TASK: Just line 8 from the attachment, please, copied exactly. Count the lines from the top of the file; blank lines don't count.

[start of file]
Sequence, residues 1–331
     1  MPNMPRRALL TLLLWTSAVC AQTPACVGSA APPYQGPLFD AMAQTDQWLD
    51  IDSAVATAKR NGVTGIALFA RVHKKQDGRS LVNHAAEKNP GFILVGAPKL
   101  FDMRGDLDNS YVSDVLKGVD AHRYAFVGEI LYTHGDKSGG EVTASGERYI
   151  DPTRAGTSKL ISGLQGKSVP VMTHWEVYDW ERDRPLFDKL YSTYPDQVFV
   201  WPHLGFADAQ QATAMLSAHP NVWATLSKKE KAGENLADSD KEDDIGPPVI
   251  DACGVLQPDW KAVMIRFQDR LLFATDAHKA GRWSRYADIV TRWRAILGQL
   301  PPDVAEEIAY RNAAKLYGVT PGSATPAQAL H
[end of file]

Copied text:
   301  PPDVAEEIAY RNAAKLYGVT PGSATPAQAL H